Albums to watch

POPtical Illusion

John Cale

POPtical Illusion

Eighteenth album from the ex-Velvet Underground member co-produced with his manager Nita Scott

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Double Six / Domino
UK Release date
US Release date
  1. 9.0 |   Uncut

    He returns in double-quick time with more selections from his 80-song lockdown splurge, but this time in a gentler, almost uplifting mood. Print edition only

  2. 9.0 |   musicOMH

    As consistent and cohesive as anything he’s made, it’s also a fantastic introduction to his solo music for people who haven’t yet taken the plunge
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  3. 9.0 |   The Line Of Best Fit

    Cale’s ability to do so many things so well is what makes him a true artist amongst amateurs
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  4. 8.3 |   Spin

    Clocking in at over an hour across 13 tracks, POPtical Illusion will likely require patience to fully penetrate its walls
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  5. 8.0 |   Far Out

    The album prospers from discerning productional finesse and an ingenious weave of classical and contemporary textures
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  6. 8.0 |   Record Collector

    Most of the material is set to a fairly low tempo but then JC is 82 years young and has never exactly been Minor Threat
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  7. 8.0 |   All Music

    John Cale may be a respected elder statesman of adventurous music that explores the nexus of rock and art, but on Poptical Illusion he sounds like a contemporary artist bubbling over with ideas and the will to execute them
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  8. 8.0 |   Mojo

    While the nebulous quality of Mercy was very much feature-not-bug, a cloudiness indicating the limits of memory, here Cale seems to have sharpened the edges of his songs, any mist or drift purely down to old fashioned meandering. Print edition only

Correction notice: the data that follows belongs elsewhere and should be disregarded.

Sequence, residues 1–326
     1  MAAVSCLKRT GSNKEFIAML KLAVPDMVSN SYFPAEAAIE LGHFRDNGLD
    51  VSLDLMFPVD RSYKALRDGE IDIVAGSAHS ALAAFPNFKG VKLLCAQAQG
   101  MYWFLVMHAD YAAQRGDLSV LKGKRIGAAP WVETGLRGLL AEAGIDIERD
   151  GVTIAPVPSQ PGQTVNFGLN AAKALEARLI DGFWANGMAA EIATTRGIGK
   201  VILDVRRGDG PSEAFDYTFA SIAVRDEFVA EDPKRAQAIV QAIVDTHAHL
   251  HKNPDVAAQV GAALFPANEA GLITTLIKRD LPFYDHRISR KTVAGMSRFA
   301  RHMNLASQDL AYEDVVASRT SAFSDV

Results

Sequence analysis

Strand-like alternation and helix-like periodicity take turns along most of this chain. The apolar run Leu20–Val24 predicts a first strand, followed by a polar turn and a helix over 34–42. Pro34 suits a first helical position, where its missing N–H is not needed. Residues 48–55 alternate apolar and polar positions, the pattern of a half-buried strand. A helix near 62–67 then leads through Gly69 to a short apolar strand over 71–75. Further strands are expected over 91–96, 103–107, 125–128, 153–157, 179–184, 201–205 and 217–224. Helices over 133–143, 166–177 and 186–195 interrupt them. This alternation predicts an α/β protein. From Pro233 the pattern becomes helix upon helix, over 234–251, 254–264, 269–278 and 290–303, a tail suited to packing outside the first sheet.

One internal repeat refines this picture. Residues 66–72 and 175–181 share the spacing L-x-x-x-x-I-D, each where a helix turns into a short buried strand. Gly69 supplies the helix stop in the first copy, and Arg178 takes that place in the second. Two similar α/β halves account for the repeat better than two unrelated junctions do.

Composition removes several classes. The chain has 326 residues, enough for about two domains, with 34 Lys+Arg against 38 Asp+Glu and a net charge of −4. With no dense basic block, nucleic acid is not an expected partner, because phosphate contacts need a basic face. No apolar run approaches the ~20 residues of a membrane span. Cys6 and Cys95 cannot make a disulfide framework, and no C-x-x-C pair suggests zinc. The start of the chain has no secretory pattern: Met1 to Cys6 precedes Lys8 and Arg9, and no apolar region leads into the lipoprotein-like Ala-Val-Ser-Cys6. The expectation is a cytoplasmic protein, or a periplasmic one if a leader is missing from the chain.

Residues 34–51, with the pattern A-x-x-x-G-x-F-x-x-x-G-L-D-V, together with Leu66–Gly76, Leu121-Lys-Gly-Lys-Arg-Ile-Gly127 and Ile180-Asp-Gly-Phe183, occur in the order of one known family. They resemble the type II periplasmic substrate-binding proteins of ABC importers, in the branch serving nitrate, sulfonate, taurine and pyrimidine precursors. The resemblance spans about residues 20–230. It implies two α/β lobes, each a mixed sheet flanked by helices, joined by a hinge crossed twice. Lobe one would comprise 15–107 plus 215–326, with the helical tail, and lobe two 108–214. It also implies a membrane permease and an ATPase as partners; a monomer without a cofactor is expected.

9. 8.0 |   The Arts Desk

    Another album full of surprises
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  10. 8.0 |   Loud And Quiet

    While his lyrics on POPtical Illusion take aim at capitalist structures, political dishonesty and the ubiquity of greed – sometimes specifically, sometimes in a much more obtuse manner – the sound of the album is much freer, and often feels airy
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  11. 8.0 |   Rolling Stone

    POPtical Illusion is full of grim songs about a planet in flames, yet it’s full of playful energy, blending synths and guitars with electronic beats from an elder hip-hop fiend
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  12. 7.7 |   Paste Magazine

    The avant-garde songwriter and composer’s 18th studio album finds him still tricking audiences with pop songs whose lyrics hint at something much deeper and darker below the surface
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  13. 7.5 |   Northern Transmissions

    He makes use of his anger, his hope, his love for music and the human race, to put out an album that utilizes pop and critiques the machine that churns out heartless popular music
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  14. 7.4 |   Spectrum Culture

    John Cale’s 18th solo album is a late work par excellence, displaying the Welsh bard in a reflective, philosophical mood, looking forward into both darkness and light
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  15. 7.0 |   Slant Magazine

    Each of the album’s songs feels like a kaleidoscope of sound that ebbs and flows
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  16. 6.5 |   Under The Radar

    Difficult to return to as a whole, but at least it shows that Cale is happy to keep his ideas flowing and moving forward
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